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anywhere. >> and i went through this for about six months. and oh my god. >> how were you able to work every day, being depressed? >> i had to push through it. >> could you be funny? >> well, as funny as you can when you're depressed. >> nobody ever disliked anybody. i mean, dave did a lot of jokes about me. and i did some about dave. and it was fine. if it's funny, everything is off. it's fine. as long as the joke is funny, that's good. >> be right back! don't go away. >> in the '90s, the networks are still the powerhouses. the titans. >> what the -- >> change is sort of inevitable. if you don't watch out, it will come and bite you. competition was coming at you from all directions. >> and what we have is an explosion of late-night television. >> you were reading a lot of pieces that said, why do we need more of these shows, don't we
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have enough of them? >> there was a chevy chase show that lasted i think a week. >> it's time. >> arsenio was on top of the world in syndication, then one day arsenio was gone. >> i wasn't the guy that was supposed to do it straight through. i was supposed to go away and have other experiences. >> and i loved tom schneider. because it just gave me a real love for the art of conversation. >> in 1991, you were quoted as saying, if i, little richard, were white, there never would have been an elvis presley. >> i still believe that. >> now cable networks are coming in. >> bill maher was doing "politically incorrect" on comedy central nightly. >> thank you! >> msnbc was starting to do their 24-hour news. fox was starting to come in. you had cnn, 24-hour news. >> network executives, they never took cable all that seriously. they don't see that as a threat. >> but we're going to try to
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get -- >> i remember i was in a bar and 'twas the night of the first gulf war. and all of the tvs were on the war. and like there was theme songs and graphics. ♪ there was all these hot people reporting on a war. >> a very divided congress over the weekend gave president bush the authorization to eject iraq from kuwait. >> i remember thinking to myself, are they reporting on a war? or trying to sell me a war? >> and it was kind of like, wait a [ muted ], what if we pretend we're network news? >> i was like -- sold. wow. >> i think we're geniuses. like, we knew that, eureka, we had found it. "the daily show."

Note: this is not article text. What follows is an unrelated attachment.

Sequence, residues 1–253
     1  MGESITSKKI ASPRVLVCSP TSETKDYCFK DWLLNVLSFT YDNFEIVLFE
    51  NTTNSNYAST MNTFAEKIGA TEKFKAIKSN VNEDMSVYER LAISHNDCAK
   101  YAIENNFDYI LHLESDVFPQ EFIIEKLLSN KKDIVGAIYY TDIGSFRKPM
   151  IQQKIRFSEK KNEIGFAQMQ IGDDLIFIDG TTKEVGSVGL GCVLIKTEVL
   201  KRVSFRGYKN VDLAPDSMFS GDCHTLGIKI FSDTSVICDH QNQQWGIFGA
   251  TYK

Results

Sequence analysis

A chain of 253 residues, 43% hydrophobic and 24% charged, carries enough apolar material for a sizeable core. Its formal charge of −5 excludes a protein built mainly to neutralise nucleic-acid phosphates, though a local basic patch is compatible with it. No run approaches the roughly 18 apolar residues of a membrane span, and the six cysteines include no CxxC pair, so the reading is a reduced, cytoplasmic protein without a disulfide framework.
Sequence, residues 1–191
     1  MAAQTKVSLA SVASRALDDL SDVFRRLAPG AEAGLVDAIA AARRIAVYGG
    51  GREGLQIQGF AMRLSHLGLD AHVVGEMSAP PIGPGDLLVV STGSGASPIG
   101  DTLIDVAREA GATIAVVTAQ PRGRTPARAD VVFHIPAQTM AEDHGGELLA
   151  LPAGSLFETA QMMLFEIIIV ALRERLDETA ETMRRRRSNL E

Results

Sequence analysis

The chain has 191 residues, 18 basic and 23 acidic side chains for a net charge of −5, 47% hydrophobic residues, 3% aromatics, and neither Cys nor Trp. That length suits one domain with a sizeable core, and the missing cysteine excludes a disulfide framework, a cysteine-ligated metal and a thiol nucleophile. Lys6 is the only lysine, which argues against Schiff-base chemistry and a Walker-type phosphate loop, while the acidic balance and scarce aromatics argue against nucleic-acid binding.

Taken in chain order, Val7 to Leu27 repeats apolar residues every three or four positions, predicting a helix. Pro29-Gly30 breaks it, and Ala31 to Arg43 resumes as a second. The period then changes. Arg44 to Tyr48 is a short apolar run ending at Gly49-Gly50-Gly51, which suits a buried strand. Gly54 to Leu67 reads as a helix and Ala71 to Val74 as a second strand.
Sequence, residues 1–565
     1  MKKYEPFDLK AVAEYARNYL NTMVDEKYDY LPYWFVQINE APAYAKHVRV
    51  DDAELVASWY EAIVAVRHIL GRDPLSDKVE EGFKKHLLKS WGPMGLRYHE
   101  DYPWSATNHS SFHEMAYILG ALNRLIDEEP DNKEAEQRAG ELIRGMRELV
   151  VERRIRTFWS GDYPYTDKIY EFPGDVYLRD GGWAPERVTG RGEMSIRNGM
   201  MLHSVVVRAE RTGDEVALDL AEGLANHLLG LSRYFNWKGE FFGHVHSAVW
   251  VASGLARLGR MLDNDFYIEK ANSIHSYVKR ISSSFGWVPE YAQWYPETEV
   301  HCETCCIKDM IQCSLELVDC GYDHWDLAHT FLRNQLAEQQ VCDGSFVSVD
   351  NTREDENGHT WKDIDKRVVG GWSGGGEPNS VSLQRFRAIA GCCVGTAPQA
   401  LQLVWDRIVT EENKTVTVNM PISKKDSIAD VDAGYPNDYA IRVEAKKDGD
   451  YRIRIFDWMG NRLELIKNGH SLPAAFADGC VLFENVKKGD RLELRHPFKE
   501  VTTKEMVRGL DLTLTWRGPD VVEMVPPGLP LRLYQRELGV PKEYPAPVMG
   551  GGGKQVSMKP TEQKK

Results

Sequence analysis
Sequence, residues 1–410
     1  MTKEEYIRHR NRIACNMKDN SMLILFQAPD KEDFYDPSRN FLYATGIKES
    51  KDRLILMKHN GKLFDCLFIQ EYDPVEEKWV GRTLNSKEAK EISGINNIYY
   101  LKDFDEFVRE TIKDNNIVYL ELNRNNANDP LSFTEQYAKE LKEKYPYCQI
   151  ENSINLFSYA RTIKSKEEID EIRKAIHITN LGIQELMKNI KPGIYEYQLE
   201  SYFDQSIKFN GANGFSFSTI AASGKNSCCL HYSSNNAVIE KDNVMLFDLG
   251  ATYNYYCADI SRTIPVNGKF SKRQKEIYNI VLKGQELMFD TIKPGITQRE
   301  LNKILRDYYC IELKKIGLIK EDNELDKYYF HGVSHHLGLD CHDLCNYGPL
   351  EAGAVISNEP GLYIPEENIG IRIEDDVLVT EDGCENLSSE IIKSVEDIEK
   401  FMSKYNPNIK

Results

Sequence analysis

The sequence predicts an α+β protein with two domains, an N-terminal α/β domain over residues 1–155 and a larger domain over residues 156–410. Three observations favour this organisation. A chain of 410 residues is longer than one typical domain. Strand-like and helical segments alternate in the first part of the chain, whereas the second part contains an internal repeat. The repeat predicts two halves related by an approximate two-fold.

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i can turn my sleigh north because my job here is done. it's not magic that makes more holiday deliveries to homes in the us than anyone else, it's the hardworking people of the united states postal service. hello and welcome to "the daily show." my name is craig, and i have soft features. >> craig kilborn was a trip because he was so smug. >> seagal isn't the first action star to throw his hat in the music ring. you may remember sylvester
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stallone's "love songs for mouth breathers." and jean claude van damme's "coerced prostitutes." >> we did not have a point of view. what we had was the sort of adolescent, awkward bones of "the daily show." >> the show did pretty well. >> one day we were shocked to learn, you know, he was going to be leaving. >> eventually, tom snyder retired. and worldwide pants, david letterman's production company, hired craig kilborn to be the host of "the late late show" on cbs. >> and now we had to start all so far. and one day i got a call from a comedy manager and he says, hey, man, you think about jon stewart for this thing? >> jon stewart had an edgy late-night talk show that started on mtv. >> that jon stewart, man, he's
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rad. >> i think i'm balling for you. >> he had that really important thing which is why he broke early. he had charisma. >> this is "the daily show with jon stewart," the most important television program ever. >> john had vision. jon had a point of view. >> you're out of order, he's out of order, this whole trial is -- sexy. >> it was a departure in style, in tone. it was a political show. >> and the show always stood out, it's just the place to get the news in a weird kind of way. >> today witnessed the start of the united nations millennium summit. >> giving new yorkers a chance to get in touch with prejudices they didn't even know they had. >> what it did do is fill a void that nobody knew there was a void. >> election day. the day to choose a new president. for a new century. >> with the 2000 election, "the
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daily show" really broke into a new threshold. >> stand by, cnn is moving florida back to the too close to call column. >> we don't just have egg on our face, we've got omelette all over our suits. >> it could still go gore's way, it could still go bush's way. >> the nation's voters went to bed last night not knowing exactly who won the presidential election, and they're going to wake up that way as well. >> it has been a historic evening. we've seen nothing change. >> there's no outcome to the election. >> you ever seen anything like this before? >> hold on, i'm getting some breaking news here -- from my wife. it seems that my little girl just took her first steps. and i wasn't there. >> the bush/gore recount, we had a month of that. like, for example, election officials looking at hanging chads. that's inherently funny. we had a bit about how close it was on the supreme court. >> steve, what can you tell us